News that inflation rose by 9.1% — the largest increase in 40 years — drew obvious concern from FanDuel CEO Amy Howe, who shared her thoughts about the economy and sports betting during a half-hour interview with CNBC’s Contessa Brewer at the SBC Summit North America on Wednesday afternoon.
From Howe’s standpoint, the economy’s current state may not have as much impact on the sports betting industry as one might think.
“There’s no doubt that the market is not working right now,” Howe said. “The way we look at it, even if the market was working, there was going to be some form of consolidation.”
Howe, who was named FanDuel’s CEO last July, thinks that “12 to 15” operators would be a challenge to sustain in any economy. So, she expects that there will be some consolidating of sportsbooks down the road.
Heading in the right direction
Howe likes the direction that her company is heading in, noting that FanDuel currently has 26 retail sportsbook locations. For the alway’s up-to-date count, read our comprehensive FanDuel online sportsbook review At a time when there’s talk of consolidating operators, Howe hopes to see her company continue to grow.
“We’re never satisfied,” said Howe, speaking before a large crowd inside a conference room at Meadowlands Exposition Center.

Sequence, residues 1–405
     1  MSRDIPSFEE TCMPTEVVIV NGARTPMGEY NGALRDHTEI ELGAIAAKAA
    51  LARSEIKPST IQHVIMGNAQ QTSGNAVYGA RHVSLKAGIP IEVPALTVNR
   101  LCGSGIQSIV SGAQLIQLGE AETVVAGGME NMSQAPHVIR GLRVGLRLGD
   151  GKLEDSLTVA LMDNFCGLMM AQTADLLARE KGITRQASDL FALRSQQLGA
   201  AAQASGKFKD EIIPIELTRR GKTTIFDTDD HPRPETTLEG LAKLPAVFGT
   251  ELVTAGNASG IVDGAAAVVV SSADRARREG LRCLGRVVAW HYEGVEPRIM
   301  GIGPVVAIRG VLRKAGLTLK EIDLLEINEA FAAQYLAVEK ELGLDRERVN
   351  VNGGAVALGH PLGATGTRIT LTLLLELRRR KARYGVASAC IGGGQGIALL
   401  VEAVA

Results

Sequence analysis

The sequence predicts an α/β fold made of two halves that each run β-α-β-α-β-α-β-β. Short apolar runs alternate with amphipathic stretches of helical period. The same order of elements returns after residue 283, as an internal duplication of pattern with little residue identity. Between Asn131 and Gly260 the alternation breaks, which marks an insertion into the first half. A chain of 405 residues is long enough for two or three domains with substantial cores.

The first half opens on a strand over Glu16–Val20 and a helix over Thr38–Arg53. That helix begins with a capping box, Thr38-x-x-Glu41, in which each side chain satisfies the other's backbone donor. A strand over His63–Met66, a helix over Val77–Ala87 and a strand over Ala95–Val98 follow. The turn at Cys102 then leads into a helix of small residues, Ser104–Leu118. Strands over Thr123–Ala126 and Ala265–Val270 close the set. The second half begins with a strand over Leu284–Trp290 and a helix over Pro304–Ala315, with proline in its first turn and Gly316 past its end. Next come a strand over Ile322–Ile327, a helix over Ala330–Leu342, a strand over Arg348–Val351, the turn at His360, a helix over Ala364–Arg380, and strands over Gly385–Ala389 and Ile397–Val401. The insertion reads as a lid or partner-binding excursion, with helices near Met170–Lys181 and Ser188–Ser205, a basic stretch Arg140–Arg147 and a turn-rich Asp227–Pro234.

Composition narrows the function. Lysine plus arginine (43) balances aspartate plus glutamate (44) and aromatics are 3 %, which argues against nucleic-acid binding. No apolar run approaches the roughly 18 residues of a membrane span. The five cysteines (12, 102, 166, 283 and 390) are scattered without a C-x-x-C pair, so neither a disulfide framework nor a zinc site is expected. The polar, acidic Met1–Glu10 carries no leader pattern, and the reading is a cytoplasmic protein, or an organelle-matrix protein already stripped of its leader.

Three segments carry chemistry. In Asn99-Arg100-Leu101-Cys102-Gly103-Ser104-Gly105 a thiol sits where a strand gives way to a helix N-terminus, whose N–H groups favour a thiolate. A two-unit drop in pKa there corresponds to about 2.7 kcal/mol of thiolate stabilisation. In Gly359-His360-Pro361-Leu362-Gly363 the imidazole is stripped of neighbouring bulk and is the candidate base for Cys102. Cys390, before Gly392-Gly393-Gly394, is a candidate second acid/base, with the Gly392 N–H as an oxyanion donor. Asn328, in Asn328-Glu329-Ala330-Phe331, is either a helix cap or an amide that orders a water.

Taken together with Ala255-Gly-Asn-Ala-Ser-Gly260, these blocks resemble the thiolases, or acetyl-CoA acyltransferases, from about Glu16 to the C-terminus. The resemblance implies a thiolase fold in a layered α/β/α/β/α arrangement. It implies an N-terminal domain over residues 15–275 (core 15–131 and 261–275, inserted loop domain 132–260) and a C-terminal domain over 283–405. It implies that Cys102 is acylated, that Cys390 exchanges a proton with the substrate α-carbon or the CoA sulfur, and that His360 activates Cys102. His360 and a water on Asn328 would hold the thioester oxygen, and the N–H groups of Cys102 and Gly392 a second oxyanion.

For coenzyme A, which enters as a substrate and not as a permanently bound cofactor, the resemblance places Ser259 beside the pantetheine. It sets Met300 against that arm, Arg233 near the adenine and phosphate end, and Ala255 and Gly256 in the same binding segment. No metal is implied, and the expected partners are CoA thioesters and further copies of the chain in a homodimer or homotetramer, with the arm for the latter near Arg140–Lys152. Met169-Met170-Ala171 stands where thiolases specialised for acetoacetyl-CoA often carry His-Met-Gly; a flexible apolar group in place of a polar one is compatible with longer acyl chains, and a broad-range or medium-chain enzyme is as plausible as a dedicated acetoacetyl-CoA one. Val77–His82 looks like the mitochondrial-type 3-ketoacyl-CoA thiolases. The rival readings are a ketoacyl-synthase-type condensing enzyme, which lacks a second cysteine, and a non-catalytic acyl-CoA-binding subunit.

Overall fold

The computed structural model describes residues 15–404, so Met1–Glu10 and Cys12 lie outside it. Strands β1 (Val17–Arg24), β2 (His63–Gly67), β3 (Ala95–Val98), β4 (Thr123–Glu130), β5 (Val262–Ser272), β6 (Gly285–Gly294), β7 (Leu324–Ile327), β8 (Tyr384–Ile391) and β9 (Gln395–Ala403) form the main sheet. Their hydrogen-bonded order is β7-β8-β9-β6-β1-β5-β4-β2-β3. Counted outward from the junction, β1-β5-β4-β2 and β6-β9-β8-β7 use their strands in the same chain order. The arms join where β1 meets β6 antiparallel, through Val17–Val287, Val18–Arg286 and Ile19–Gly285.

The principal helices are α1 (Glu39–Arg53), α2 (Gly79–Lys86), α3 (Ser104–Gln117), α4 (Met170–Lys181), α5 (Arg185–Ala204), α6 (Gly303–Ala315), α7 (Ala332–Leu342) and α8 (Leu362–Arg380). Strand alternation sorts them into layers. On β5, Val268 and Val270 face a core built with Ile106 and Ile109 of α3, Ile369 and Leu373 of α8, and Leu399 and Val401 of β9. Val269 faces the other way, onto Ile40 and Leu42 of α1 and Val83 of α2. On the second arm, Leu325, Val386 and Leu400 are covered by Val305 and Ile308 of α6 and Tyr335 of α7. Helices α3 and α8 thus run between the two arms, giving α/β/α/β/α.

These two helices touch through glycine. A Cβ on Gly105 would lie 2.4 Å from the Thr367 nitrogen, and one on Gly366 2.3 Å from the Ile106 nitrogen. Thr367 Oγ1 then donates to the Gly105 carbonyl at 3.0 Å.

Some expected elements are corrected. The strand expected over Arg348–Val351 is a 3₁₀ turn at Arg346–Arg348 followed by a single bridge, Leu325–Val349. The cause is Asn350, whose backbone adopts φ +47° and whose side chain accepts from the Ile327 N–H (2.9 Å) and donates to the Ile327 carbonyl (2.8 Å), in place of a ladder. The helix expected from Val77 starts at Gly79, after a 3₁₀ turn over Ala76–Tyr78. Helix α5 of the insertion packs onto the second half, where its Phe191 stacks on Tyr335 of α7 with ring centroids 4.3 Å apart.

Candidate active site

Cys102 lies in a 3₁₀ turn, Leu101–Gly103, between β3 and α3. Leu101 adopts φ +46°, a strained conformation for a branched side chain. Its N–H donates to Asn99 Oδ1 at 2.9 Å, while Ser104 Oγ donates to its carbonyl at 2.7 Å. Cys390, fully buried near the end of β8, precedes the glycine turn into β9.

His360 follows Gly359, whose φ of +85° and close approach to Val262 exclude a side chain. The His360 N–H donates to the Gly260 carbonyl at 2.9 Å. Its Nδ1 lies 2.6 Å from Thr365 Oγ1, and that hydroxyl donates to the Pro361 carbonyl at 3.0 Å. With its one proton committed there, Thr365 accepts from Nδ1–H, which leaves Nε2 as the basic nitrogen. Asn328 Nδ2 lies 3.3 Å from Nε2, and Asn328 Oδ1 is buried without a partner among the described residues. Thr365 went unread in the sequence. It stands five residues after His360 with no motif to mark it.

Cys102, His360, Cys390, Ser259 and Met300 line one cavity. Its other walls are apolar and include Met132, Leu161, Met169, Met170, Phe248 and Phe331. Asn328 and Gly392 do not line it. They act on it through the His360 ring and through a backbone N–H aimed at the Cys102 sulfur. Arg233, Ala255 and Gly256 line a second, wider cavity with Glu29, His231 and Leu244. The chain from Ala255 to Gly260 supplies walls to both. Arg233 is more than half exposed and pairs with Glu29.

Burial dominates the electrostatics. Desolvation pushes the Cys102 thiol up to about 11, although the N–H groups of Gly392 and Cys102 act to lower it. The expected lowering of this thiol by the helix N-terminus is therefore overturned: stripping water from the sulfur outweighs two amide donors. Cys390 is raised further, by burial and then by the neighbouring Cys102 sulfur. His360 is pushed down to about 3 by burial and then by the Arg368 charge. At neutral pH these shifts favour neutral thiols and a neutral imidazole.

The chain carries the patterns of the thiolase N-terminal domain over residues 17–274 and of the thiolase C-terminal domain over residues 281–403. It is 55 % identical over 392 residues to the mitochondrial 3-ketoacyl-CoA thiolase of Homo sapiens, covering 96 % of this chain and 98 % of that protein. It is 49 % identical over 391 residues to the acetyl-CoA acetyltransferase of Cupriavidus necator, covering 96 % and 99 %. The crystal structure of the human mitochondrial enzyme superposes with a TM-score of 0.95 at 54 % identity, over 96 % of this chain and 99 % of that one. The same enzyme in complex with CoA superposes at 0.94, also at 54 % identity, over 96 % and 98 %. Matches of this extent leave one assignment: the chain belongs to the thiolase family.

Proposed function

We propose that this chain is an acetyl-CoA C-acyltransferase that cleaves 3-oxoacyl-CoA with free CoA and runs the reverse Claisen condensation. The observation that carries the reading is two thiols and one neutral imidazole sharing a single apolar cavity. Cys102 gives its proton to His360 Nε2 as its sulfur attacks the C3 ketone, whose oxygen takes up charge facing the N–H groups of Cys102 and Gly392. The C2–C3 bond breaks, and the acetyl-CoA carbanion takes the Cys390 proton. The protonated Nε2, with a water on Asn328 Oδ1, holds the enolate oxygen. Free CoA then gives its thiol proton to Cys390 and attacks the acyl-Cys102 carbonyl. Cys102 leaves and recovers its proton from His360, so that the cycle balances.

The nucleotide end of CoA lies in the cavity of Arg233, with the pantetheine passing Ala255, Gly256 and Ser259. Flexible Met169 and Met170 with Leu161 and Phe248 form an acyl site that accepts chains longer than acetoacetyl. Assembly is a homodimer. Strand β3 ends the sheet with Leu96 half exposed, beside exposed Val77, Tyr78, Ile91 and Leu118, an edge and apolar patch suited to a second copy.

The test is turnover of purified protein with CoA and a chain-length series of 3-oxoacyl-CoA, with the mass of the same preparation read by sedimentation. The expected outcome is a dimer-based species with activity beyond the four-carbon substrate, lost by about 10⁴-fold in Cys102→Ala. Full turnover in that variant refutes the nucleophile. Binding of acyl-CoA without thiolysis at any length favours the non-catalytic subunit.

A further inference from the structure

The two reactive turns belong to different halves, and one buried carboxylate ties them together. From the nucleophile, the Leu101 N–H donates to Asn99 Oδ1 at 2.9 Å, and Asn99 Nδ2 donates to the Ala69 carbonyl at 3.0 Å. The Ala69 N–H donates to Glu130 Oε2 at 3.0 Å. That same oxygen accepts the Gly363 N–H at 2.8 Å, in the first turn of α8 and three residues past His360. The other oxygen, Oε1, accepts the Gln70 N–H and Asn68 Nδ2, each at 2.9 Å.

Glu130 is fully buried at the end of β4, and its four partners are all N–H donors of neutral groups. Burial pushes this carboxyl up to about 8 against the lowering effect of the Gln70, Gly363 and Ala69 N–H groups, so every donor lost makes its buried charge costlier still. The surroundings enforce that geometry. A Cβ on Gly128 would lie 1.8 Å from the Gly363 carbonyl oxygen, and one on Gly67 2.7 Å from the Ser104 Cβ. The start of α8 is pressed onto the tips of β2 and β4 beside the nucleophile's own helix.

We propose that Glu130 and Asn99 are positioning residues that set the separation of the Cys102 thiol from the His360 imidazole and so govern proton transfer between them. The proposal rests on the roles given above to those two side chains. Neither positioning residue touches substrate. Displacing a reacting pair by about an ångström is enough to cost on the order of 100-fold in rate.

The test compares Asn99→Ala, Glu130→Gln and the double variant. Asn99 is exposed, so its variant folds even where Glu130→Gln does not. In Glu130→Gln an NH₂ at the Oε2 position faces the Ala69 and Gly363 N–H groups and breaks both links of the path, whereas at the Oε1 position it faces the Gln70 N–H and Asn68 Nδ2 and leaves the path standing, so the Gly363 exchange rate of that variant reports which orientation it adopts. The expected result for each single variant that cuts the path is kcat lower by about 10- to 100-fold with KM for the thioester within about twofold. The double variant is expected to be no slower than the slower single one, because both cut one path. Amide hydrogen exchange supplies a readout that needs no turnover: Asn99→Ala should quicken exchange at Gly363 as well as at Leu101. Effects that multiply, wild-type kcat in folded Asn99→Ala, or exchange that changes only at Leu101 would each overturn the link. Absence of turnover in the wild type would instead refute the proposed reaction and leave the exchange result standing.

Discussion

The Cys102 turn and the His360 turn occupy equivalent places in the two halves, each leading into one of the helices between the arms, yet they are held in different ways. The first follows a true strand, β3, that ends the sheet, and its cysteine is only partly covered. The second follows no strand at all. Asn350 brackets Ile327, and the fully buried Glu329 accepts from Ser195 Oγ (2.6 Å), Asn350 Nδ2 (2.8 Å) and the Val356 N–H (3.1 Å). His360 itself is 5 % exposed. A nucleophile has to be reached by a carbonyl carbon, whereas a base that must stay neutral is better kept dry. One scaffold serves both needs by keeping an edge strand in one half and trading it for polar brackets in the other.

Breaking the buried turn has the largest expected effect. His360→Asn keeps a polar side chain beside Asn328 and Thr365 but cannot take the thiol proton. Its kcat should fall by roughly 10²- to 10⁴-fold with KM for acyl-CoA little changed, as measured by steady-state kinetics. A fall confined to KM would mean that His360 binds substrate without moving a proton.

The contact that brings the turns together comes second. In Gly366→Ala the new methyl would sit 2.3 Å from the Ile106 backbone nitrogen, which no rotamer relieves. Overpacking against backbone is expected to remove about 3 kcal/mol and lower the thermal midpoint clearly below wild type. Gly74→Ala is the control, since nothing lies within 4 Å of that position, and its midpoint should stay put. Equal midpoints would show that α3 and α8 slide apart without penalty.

Howe’s career background was not in the sports betting or gambling industries. She served as TicketMaster president and COO in her previous position. Howe said she didn’t run into any resistance from others when she was named FanDuel’s first female CEO. She credited having a “good team” already in place at FanDuel.
That doesn’t mean Howe accepted the position thinking that FanDuel didn’t need to make any changes.
FanDuel’s Amy Howe says women on sports betting platforms is growing 115% times the rate of men.
“We're making progress, but there's a lot of untapped opportunity.”#SBCSummitNorthAmerica pic.twitter.com/6SvNRXQai3
— Jess Golden (@JGolden5) July 13, 2022
In general, Howe wants to see more diversity in the sports betting industry. She said there’s space for more women working in the business and that the market for women wagering on sports also has room for growth. Howe added that she thinks the industry would benefit from it showing more support for female athletes.
Among other subjects, Howe said she thinks that operators like FanDuel should not be involved in collegiate sports to the level that their logos are advertised on college uniforms. Even with student-athletes permitted to receive NIL payments, Howe, a mother of three boys, thinks college athletes still shouldn’t be treated like professionals. She noted that the Calvin Ridley incident raises some cause for concern when it comes to athletes and sports betting.
A California resident, Howe is cautiously optimistic about passage there in November of Proposition 27 — a ballot initiative, supported by FanDuel and DraftKings, that would legalize mobile sports wagering in the Golden State. She also thinks the iGaming industry has plenty of room for growth in the U.S., since it’s only legal in a handful of states.